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Saturday 19 October 2019

Consultants claim Irish law was not to blame for Savita death

Eilish O'Regan Health Correspondent

A GROUP of 11 prominent consultants, who are specialists in a range of areas of medicine, have said Irish law did not prevent the "necessary treatment" of Savita Halappanavar.

They said doctors in University Hospital Galway who cared for Savita could have intervened when her membranes ruptured and found she had an infection.

But the Galway team lacked the proper diagnosis at the time because relevant information was "not noted and acted upon", claimed the doctors.

Savita, who was 17 weeks pregnant and told she would miscarry, died a week after admission to hospital. She had a severe blood infection which progressed to septic shock.

The group is led by Dr John Monaghan, an obstetrician in Portiuncula Hospital in Co Galway known for his pro-life views.

It includes retired specialists of a similar opinion, Professor John Bonnar and Professor Eamon O'Dwyer.

It also includes Dr Stephen Cusack, head of the emergency department in Cork University Hospital, Dr Rory Page, a consultant anaethetist at Cavan General Hospital, and Dr James Clair, a microbiologist at the Mercy Hospital in Cork.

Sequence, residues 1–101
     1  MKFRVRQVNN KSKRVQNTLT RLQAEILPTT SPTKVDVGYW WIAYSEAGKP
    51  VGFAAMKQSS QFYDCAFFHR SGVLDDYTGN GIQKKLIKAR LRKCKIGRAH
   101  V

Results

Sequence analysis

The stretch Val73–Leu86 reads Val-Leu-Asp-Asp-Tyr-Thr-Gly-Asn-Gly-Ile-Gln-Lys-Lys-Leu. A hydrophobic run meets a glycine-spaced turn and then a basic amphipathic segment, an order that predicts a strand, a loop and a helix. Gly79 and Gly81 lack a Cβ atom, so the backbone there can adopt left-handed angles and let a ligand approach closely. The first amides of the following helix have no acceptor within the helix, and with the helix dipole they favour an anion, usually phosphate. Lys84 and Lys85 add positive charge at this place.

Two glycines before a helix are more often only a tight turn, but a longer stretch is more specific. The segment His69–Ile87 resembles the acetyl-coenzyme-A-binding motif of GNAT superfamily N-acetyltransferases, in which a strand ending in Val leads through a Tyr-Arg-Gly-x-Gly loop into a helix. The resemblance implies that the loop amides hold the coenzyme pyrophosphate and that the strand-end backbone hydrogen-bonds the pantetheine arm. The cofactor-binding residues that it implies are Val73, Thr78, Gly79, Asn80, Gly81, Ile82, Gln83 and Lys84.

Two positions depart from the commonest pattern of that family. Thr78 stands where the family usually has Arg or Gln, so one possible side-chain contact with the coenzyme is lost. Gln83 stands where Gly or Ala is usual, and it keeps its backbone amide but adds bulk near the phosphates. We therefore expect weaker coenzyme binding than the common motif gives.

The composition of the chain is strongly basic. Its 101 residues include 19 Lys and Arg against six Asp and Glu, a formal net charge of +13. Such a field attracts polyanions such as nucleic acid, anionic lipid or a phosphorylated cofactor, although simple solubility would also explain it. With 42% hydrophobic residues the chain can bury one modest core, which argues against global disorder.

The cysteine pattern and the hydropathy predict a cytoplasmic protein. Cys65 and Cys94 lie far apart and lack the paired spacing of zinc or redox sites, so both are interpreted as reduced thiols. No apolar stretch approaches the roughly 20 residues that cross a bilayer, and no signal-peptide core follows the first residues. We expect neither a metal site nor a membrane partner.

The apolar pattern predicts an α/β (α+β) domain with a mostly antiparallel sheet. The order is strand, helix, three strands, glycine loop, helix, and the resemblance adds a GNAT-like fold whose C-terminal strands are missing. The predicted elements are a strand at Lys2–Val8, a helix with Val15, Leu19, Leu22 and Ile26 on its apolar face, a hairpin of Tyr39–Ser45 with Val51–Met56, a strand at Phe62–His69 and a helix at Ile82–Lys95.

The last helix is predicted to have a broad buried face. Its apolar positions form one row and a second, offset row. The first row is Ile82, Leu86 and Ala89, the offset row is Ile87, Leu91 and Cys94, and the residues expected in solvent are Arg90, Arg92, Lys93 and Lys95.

The doctors, in a letter to the Irish Independent, disagreed with the opinion of Dr Peter Boylan, an obstetrician in the National Maternity Hospital in Dublin, who appeared as an expert witness at the recent inquest into Savita's death.

The group said the recent inquest "has raised important issues about hospital infection in obstetrics".

They added that "much of the public attention appears to have been directed at the expert opinion of Dr Peter Boylan, who suggested that Irish law prevented necessary treatment to save Ms Halappanavar's life. We would suggest that this is as much a personal view as an expert one".

Tragic

They added that it is "impossible for Dr Boylan, or for any doctor, to predict with certainty the clinical course and outcome in the case of Savita Halappanavar where sepsis arose from the virulent and multi drug-resistant organism E.coli ESBL".

The group said "the facts as produced at the inquest show this tragic case to be primarily about the management of sepsis, and Dr Boylan's opinion on the effect of Irish law did not appear to be shared by the coroner, or the jury, of the inquest."

They added that obstetric sepsis is "unfortunately on the increase and is now the leading cause of maternal death reported in the UK Confidential Enquiry into Maternal Deaths.

"Additionally there are many well-documented fatalities from sepsis in women following termination of pregnancy. To concentrate on the legal position regarding abortion in the light of such a case as that in Galway does not assist our services to pregnant women," they said.

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